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Del Rio Dogo Argentinos
How do I know if my Dogo Argentino is "Show Quality"
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Remember, there is NO perfect dog -- some just meet the standard far better than others. 

Please keep in mind that the following are my own opinions and interpretation of the standard.
 
The first thing I always notice in poor breeding examples are the front legs of a dogo. On a dogo w/correct front legs, you should be able to "draw a rectangle" between the ground, their legs & their chest. Their toes are to point forward.  The front end on a Dogo is NOT to look like the front end on a bulldog. I don't care what the dog's bloodlines are or how many champions are in its background, if their legs are not straight, and/or their feet are pointing to the sides, this is a VERY incorrect front end & its cropping up more & more.  **Some heavy boned puppies do go through an awkward stage around 4-9 months of age, however, MOST DO NOT.

The 2nd thing I notice in poorly bred dogos is their topline. The rear is NOT supposed to be higher than the shoulders. If it is higher, this is NOT a disqualifying fault, but a flaw -- that is VERY difficult to breed away from.

The 3rd thing I notice is the rear end - the back legs are to have some angulation to them. toes pointing forward & their pasterns are to be perpendicular with the ground. Unfortunately, judges often overlook the rear end on a dogo due to being mesmorized by the rest of the dogo.

The 4th thing I notice is the head.  The muzzle (measured diagonally from nose to where jaw connects w/skull) should be the same length as the distance between eyes & top of skull between ears. muzzles that are too long or too short are incorrect

The 5th thing I notice is overall "type." Dalmatians are also to have the 4 characteristics mentioned above, however, due to "type" they are distinctly different. The Dogo is to look like a Dogo.  IMO, a Dogo who looks like a dogo, but has a short muzzle, feet that point east & west, a high rear and is cow-hocked, is still a better example of the breed than one who looks like a white Dalmatian.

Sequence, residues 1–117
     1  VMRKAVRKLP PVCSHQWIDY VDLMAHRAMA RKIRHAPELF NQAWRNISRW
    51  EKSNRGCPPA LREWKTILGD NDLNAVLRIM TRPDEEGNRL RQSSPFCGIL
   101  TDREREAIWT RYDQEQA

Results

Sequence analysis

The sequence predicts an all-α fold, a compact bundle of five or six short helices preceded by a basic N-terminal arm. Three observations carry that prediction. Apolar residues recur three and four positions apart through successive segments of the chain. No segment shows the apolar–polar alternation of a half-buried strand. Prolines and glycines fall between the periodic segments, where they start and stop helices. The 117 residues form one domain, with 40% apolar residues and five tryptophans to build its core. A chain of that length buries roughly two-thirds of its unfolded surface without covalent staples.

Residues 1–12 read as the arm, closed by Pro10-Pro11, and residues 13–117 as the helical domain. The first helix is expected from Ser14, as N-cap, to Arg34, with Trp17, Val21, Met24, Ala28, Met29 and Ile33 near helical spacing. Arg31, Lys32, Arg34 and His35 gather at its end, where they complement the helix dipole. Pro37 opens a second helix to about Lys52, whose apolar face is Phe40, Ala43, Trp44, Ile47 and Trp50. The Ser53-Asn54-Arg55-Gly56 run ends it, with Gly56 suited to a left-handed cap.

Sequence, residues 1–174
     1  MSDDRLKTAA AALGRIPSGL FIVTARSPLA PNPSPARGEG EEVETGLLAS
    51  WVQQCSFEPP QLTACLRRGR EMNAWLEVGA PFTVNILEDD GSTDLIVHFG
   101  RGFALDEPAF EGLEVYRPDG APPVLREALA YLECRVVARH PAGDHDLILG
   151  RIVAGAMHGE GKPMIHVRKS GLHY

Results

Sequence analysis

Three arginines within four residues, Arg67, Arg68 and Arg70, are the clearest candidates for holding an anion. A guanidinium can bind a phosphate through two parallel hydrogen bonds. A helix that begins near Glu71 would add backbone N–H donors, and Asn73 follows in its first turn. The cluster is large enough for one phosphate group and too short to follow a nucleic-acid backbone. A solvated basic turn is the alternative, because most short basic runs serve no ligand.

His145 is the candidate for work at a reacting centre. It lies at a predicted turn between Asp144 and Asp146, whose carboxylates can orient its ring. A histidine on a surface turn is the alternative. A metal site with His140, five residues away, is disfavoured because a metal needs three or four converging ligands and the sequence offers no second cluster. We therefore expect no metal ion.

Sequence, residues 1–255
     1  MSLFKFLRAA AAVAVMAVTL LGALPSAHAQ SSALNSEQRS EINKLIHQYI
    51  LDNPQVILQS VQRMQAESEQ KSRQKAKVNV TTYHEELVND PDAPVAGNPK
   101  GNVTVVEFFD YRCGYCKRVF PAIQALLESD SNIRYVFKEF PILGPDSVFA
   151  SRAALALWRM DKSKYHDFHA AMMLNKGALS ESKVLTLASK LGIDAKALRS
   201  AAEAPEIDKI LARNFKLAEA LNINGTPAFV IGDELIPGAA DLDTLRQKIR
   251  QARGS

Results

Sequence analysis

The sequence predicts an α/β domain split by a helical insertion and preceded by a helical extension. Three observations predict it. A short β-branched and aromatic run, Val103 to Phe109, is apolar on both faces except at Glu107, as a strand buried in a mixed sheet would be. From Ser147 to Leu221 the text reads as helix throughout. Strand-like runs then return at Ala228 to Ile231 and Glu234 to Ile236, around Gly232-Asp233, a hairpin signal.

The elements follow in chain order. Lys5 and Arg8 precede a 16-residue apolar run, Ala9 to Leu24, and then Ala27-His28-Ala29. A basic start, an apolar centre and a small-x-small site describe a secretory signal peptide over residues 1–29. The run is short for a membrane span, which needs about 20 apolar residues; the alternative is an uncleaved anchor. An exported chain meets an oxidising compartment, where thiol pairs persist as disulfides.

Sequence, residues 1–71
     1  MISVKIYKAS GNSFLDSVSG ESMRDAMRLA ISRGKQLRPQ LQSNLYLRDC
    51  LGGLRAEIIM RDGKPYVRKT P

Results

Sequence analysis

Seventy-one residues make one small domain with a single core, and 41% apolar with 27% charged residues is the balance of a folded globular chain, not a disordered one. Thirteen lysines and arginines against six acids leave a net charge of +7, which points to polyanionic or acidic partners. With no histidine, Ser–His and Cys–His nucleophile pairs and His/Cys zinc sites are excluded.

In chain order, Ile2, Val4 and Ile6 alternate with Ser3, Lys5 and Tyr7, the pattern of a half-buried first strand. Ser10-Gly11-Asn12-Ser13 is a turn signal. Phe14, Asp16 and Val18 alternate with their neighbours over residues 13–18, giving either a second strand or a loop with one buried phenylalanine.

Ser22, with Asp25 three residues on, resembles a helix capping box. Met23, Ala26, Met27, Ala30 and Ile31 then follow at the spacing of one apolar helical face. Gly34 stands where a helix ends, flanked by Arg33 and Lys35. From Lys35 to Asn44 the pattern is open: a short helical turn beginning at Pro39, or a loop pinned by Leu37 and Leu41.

The above 5 problematic traits can occur in any bloodlines, when they all 5 occur on one single dog -- that is a HUGE sign of very poor breeding. If the dog exhibits two or more of these characteristics, than IMO, it is NOT show quality. There are many other charcteristics to consider when determining show quality, including among others, bite, feet, neck, eye placement and even temperament.

The breed has only been in the US for about 20 years, not long enough to be "ruined" to the extent that other breeds have been. 

When a judge is judging a Dogo, cosmetics - such as pigment, coat ticking, eye color (china eyes are DQ) & earset are the last things that they judge.
 
I've noticed that the judges seem to be most interested in type and movement on the Dogo. The Dogo is supposed to be an agile dog. The judges are looking for a smooth moving dog that looks the part. When the dog moves, its back feet should follow in the footsteps of the front feet. Thus being the reason that so many show pictures show the dog moving w/its feet almost touching underneath it.
 
It is RARE to have a typey dogo w/correct topline, rear, correct head and correct movement, with a confident outgoing temperament and no cosmetic flaws.  When a puppy who exhibits these characteristics is born, he is deemed show quality.  Unfortunately for myself & many other breeders, the best examples of the litter often have hearing problems or cosmetic faults such as glass eyes or body spots (not coat ticking, but spots like on Snoopy).  All normal hearing puppies are NOT show quality.

Is My Dogo Breeding Quality?
     If your Dogo Argentino is deemed to be show quality AND it has normal hearing, and has gone through a battery of other health and temperament tests and overall represents the breed well, then yes, it is possible that he/she is also of breeding quality.
 
   When I sell a "show quality" puppy, I DO NOT guarantee that it will also be of breeding qualilty.

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